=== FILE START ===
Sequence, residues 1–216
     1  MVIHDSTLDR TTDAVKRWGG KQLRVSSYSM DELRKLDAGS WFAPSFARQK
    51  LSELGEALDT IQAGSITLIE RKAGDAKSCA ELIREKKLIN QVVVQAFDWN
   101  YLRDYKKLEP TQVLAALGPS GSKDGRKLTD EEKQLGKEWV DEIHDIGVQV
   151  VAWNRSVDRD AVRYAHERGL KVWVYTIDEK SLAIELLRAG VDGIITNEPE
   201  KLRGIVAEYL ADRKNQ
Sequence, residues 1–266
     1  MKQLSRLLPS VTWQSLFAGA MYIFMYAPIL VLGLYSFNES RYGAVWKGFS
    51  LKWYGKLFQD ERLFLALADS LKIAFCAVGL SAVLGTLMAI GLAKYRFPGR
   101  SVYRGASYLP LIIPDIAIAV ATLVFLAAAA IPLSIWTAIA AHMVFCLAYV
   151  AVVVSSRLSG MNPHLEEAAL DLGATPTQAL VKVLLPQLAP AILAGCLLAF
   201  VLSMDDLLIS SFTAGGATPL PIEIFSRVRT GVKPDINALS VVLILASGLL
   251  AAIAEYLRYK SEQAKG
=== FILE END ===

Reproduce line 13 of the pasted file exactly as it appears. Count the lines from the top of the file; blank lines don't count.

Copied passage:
   251  AAIAEYLRYK SEQAKG